2. Don't pass out area restaurant maps that only include some of the restaurants in the area. This probably had to do with the vistor's bureau more than the conference, but it annoyed me. While walking around, we found quite a few more restaurants (all closed, but still).
  3. Are there no conference centers that have projectors? After watching so many presenters set up their own projectors, I had to wonder. Have no conference centers in the country installed projectors? Every group that comes has to bring their own? Do I need to buy a projector if I ever want to give genealogy presentations? How long will that take to pay itself off?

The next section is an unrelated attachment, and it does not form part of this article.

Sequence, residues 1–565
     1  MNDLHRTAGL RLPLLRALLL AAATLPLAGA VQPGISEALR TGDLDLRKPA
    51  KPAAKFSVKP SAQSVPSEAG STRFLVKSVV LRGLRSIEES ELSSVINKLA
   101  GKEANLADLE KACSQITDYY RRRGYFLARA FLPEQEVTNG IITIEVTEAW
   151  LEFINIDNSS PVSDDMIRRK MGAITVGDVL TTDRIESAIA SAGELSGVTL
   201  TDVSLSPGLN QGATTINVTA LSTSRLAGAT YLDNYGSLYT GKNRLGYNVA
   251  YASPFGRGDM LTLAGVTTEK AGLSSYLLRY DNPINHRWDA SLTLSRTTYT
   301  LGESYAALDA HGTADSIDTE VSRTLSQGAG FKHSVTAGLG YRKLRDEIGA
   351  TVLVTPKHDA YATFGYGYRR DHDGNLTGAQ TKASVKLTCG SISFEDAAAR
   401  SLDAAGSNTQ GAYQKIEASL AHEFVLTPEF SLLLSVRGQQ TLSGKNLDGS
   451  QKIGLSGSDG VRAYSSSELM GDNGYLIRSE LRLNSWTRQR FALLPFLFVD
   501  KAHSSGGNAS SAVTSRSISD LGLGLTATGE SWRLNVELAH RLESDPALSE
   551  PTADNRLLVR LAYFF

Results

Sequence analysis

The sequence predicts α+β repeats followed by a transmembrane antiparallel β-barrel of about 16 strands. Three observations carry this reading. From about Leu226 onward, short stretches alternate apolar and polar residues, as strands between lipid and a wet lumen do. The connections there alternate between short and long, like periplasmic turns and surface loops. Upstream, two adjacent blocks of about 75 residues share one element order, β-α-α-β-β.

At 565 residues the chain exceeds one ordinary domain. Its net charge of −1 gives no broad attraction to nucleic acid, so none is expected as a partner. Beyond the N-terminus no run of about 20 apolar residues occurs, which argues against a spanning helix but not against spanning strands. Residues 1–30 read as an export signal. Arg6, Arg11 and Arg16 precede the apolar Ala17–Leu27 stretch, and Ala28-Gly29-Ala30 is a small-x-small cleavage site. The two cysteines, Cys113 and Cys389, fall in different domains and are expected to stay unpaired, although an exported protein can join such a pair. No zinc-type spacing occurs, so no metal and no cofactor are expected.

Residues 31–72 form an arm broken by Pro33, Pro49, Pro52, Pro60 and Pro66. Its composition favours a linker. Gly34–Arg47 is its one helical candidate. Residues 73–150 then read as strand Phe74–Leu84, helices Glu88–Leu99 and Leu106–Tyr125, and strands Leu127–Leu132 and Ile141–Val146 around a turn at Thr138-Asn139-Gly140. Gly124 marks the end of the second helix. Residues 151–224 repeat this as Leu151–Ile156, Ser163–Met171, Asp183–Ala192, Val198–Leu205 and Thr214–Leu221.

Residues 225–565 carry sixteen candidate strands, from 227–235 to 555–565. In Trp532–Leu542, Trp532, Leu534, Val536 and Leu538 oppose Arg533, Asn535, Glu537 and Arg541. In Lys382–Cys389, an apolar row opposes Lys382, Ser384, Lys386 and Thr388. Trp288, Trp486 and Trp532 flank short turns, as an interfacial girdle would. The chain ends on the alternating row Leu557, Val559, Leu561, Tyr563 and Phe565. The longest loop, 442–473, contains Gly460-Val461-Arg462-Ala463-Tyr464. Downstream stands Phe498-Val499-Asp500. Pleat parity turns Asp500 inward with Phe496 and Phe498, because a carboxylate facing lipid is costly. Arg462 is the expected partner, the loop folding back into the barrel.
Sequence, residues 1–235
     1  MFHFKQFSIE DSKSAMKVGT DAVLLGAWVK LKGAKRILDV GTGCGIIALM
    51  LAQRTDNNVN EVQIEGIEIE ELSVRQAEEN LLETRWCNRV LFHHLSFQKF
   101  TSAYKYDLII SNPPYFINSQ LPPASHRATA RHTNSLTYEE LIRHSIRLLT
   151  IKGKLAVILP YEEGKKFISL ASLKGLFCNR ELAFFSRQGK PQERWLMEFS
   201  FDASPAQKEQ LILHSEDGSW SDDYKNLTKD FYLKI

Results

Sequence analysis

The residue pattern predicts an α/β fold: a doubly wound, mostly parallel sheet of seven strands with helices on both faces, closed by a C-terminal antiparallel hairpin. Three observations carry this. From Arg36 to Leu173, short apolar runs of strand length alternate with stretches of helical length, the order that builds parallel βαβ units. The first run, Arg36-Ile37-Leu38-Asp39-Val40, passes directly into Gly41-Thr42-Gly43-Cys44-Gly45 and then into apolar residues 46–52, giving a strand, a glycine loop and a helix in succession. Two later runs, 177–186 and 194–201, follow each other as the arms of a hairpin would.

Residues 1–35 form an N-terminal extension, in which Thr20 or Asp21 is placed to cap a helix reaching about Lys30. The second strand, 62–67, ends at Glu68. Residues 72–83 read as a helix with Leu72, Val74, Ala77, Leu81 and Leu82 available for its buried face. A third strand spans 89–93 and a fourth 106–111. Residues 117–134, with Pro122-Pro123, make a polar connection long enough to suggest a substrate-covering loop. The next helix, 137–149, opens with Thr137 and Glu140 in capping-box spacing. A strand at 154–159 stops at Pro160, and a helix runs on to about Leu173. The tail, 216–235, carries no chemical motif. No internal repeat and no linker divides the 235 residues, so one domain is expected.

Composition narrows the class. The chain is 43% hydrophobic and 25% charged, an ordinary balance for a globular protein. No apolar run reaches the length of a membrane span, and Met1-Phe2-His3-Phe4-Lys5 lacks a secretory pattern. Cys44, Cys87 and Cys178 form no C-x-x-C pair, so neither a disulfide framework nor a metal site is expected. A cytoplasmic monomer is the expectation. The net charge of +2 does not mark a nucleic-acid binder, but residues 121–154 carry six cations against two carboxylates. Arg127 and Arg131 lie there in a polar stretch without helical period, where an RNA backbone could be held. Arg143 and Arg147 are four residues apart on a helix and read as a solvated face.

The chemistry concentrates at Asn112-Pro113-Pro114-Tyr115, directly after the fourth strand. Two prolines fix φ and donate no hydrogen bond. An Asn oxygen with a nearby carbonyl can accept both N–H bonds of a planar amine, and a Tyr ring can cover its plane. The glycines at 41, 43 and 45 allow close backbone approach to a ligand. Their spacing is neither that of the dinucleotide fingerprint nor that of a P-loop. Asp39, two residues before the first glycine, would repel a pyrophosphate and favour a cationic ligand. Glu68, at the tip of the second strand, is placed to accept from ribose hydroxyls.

4. Make your annual meeting accessible to all. OGS had their annual meeting as part of a luncheon, but was open to all. I didn't want to pay $20 for their boxed lunch (of course had I known the pain of finding an open restaurant when I sent in my registration, I may have changed my mind.) I figured that it had to have one very "gourmet" cookie to cost that much. But I still wanted to attend the meeting and find out what was happening with OGS. First, there was no start time given for the meeting, just the luncheon. I didn't know how long that would last. Second, when I arrived (after it had already started) there were only a few chairs available for people not at the luncheon. They were all in the very back of the hall and it was hard to hear. There was no reason that a large section of chairs couldn't have been set up to the side of the tables.